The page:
February’s CPI up 0.45 per cent due to fuel and housing price hike

March 01, 2023 - 07:54
February’s consumer price index (CPI) increased by 0.45 per cent over January, driven by higher fuel and housing prices after Tết (Lunar New Year) holiday, GSO's data on Tuesday showed.
Shoppers at a supermarket in Hà Nội. The average CPI in the first two months was 4.6 per cent higher than the same period of last year. — VNS Photo Mai Hương

HÀ NỘI — February’s consumer price index (CPI) increased by 0.45 per cent over January, driven by higher fuel and housing prices after the Tết (Lunar New Year) holiday, data from the General Statistics Office (GSO) on Tuesday showed.

The average CPI in the first two months was 4.6 per cent higher than in the same period of last year. Meanwhile, core inflation, which excludes volatile products like food and energy, increased by 5.08 per cent. The difference is due to lower petrol prices since July 2022, which affect CPI but not core inflation.

Among the 11 main consumer goods and services groups, five saw a price increase, while six saw a decline.

The highest increase was seen in the transport sector, with a rise of 2.11 per cent, mainly due to a surge in fuel prices by 5.66 per cent and a hike in public transport services by 2.58 per cent due to high travel demand during Tết.

In the housing and construction materials sector, prices increased by 1.81 per cent, primarily due to an increase in gas prices of 14.56 per cent. Daily electricity prices increased by 1.12 per cent, and housing maintenance materials increased by 0.99 per cent. In contrast, the price of kerosene decreased by 1 per cent, and domestic water decreased by 2.06 per cent.

Among the six groups seeing a decline in prices, education witnessed a drop of 0.57 per cent, followed by food and catering services by 0.17 per cent. Other groups including beverage and cigarettes, postal and telecommunications, garments, hats, shoes, and cultural, entertainment and tourism groups, decreased by between 0.02 per cent and 0.12 per cent.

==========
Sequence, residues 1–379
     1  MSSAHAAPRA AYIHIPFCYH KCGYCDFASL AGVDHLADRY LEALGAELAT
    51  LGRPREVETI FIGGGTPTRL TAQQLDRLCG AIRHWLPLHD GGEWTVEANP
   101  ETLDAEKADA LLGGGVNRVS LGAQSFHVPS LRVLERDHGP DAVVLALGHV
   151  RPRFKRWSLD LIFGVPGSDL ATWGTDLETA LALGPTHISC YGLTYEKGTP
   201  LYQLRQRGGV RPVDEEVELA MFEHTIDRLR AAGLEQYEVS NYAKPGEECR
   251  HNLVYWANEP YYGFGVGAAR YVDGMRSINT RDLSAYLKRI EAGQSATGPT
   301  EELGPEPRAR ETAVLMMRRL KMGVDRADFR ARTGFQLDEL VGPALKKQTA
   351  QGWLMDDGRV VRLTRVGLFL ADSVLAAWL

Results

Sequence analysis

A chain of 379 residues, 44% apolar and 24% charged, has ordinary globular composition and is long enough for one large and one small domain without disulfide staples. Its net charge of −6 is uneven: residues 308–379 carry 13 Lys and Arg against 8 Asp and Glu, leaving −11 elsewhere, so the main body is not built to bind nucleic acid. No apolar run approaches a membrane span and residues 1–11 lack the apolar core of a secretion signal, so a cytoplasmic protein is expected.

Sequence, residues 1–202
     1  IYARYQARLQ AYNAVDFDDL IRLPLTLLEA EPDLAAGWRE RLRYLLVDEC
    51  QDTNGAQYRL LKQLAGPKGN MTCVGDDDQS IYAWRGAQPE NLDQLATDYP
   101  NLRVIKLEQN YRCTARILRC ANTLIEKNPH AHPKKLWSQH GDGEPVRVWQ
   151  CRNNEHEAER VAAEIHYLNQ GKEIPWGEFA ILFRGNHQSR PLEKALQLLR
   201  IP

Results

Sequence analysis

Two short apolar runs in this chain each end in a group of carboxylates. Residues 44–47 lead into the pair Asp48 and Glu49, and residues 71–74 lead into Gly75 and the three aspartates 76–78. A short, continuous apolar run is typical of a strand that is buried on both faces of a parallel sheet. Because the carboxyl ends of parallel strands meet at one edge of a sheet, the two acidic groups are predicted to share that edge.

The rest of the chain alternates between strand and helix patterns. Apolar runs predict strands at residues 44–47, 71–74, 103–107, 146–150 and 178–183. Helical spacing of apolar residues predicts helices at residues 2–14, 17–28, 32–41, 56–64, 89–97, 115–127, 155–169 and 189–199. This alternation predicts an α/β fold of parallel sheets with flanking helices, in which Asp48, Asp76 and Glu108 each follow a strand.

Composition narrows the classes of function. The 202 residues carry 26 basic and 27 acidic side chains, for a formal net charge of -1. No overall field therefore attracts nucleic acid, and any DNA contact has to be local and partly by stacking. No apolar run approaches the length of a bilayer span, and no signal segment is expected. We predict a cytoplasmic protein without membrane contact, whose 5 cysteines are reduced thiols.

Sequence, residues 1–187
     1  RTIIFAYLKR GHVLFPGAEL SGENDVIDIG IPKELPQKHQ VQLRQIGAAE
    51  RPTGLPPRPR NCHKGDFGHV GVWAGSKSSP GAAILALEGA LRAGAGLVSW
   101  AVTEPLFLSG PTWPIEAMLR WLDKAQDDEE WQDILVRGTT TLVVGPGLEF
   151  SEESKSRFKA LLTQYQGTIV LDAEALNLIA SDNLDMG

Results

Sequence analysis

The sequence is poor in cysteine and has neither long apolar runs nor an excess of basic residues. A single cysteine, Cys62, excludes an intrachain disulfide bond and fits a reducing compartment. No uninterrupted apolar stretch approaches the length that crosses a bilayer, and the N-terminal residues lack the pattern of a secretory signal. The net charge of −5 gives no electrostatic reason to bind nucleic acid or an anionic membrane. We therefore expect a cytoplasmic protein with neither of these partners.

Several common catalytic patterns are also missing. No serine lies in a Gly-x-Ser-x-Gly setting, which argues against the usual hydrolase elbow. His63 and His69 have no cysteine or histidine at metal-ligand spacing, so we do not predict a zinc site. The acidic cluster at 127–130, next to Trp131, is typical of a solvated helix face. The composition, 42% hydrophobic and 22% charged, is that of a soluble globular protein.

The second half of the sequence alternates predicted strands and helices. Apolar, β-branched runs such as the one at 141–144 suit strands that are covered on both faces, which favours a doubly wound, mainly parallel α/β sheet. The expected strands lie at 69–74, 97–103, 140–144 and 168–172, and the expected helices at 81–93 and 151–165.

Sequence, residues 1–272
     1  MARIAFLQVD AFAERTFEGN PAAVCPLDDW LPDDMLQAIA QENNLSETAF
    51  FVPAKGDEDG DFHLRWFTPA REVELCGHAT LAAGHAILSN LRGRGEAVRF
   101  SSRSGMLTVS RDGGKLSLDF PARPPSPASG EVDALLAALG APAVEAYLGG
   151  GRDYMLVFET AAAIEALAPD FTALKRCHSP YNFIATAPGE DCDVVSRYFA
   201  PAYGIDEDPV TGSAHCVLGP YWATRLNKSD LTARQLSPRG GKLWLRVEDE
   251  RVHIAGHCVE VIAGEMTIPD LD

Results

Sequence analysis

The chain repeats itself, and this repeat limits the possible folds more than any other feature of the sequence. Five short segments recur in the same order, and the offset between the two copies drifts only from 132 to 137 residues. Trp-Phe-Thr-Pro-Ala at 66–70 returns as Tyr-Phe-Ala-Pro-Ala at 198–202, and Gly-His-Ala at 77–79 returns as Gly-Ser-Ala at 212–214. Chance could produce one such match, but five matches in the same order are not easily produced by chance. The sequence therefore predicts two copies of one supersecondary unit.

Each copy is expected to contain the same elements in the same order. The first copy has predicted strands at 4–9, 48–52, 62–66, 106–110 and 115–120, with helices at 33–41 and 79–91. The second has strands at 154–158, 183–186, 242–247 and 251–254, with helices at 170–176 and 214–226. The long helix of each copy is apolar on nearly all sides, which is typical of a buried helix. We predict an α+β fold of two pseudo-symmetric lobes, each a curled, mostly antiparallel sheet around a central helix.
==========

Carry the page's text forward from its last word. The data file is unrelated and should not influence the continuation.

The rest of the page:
During February, the domestic gold price increased in contrast to the world gold price, which declined following the US Federal Reserve's decision to raise interest rates to curb inflation. The higher interest rate will likely discourage investment in gold, resulting in a 0.98 per cent decline in the gold price, averaging US$1,858.35 an ounce compared to January 2023.

In contrast, the domestic gold price index increased by 0.92 per cent month-on-month and 2.62 per cent compared to the same period last year. Ending February, the domestic gold price increased by 3.1 per cent.

Meanwhile, the average US dollar price in the free market was around VNĐ23,740 in February, up 0.2 per cent month-on-month and 3.67 per cent year-on-year. The two-month growth was 3.42 per cent.

Earlier, experts suggested that Việt Nam's inflation, which has been continuously rising for over half a year, might have peaked in January (up 0.52 per cent) and will gradually slow down due to weak demand.

GSO’s February data showed the total retail revenue from goods and services was estimated at VNĐ481.8 trillion ($20.4 billion), down 6 per cent from January. The two-month figure is estimated at VNĐ994.2 trillion, up 13 per cent year-on-year, but accounting for only 77 per cent of the pre-pandemic level.

However, Saigon Securities Inc (SSI) has still warned that the inflation increase has exceeded the normal average level of 2-3 per cent during this time every year and is equivalent to that of developed countries.

Việt Nam’s inflation this year is expected to be unpredictable and the Government's 4.5 per cent target may be challenging to achieve. Developed countries have already experienced inflation peaks and now developing countries like Việt Nam may face the same, according to SSI. — VNS